1st Edition

Beyond the Innocence of Childhood Factors Influencing Children and Adolescents' Perceptions and Attitudes, Volume 1

Edited By David Adams, Eleanor Deveau Copyright 1995

    Death is not a mere possibility but a certainty for all of us. Yet, today's society unrealistically portrays childhood as a time of unremittant joy and freedom. Unfortunately, the reality of life may suddenly bring children face to face with tragic circumstances such as the death of their pet, the terminal illness of their parent, their own struggle with life-threatening disease, the accidental death of their sibling, or the suicide of a friend. The gravity of any of these situations takes children beyond the innocence of childhood and plunges them into a world that is frightening and full of uncertainty. Unfortunately, our perceptions and attitudes toward death do not equip children with the tools to help them cope adequately with such overwhelming experiences.

    Beyond the Innocence of Childhood is a collection of forty chapters which are divided into three separate volumes. The overall purpose of this series is to answer the question: How do we as educators, clinicians, other professionals, and parents help children and adolescents deal with threat to their lives, dying, death, and bereavement?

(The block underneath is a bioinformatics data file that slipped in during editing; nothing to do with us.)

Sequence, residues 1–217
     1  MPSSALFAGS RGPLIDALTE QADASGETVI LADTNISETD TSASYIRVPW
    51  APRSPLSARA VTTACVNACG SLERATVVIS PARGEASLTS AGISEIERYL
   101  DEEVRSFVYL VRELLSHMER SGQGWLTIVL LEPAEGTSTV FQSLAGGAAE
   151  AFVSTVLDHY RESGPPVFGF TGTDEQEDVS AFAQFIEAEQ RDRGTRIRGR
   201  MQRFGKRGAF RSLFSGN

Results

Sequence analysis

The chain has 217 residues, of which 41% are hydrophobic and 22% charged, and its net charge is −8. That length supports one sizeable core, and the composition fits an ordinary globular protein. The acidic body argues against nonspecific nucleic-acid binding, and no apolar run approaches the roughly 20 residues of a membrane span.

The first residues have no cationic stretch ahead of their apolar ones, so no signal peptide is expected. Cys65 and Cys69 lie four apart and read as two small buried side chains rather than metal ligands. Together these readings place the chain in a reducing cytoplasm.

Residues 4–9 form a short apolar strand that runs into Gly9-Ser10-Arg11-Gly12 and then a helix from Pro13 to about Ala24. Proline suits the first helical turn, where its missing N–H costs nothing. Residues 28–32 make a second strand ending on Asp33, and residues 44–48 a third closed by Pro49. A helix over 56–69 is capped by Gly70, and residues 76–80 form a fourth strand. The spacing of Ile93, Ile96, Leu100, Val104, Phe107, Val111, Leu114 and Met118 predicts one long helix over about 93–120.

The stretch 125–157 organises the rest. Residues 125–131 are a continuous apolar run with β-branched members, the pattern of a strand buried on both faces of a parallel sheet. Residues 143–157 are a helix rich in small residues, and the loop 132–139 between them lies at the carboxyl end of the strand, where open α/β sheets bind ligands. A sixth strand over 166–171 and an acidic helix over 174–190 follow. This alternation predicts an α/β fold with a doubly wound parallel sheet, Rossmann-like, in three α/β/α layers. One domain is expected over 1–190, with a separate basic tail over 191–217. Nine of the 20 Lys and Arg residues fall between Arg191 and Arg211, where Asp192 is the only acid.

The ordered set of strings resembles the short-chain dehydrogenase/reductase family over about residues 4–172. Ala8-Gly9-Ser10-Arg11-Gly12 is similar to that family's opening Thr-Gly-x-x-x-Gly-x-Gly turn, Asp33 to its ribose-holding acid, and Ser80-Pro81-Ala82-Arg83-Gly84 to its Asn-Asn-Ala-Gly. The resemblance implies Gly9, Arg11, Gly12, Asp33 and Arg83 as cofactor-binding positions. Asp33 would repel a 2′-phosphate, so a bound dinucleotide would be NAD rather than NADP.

In this three volume set the editors have brought together a number of well-known educators, researchers, and practitioners who share their knowledge and expertise concerning the care and well-being of children and adolescents.

    Children explore the world around them through spontaneous, and later, structured learning, acquire knowledge, learn to understand themselves, establish their role in the family, develop peer and adult relationships, and find their place in the world. However, today's society does not include death as part of this developmental process. Unfortunately, such avoidance may negatively influence children's ability to acquire an understanding of the concepts of death and to develop positive attitudes toward death.
    Highlights of this section include:
    Answering children's questions
    Children and death--past, present, and future
    Gender differences
    Teachable moments
    Perceptions of death, cognitive development, and children's artwork
    The second part of volume 1 examines influences in today's society that potentially impact on children and adolescents' perceptions and attitudes toward life-threatening illness and death. This volume offers readers valuable insights into the various factors which ultimately affect children's ability to achieve a mature understanding of death. Features include the following:
    Violent death in a popular culture and the media
    Political conflict and war
    The epidemic of AIDS
    Cultural differences in the management of life-threatening illness
    Death rituals and funeral ceremonies

    The Use of Art in Helping Children Cope with Life-Threatening Illness, Robert G. Stevenson
    Re-Storying Brokenness: Using Story and Active Imagination to Help Seriously Ill Children and their Families, Donna O'Toole
    Music Therapy for Children with Cancer, Petra Hinderer
    The Therapeutic Use of Play in Helping Children whose Lives are Threatened, Ruth M. Snider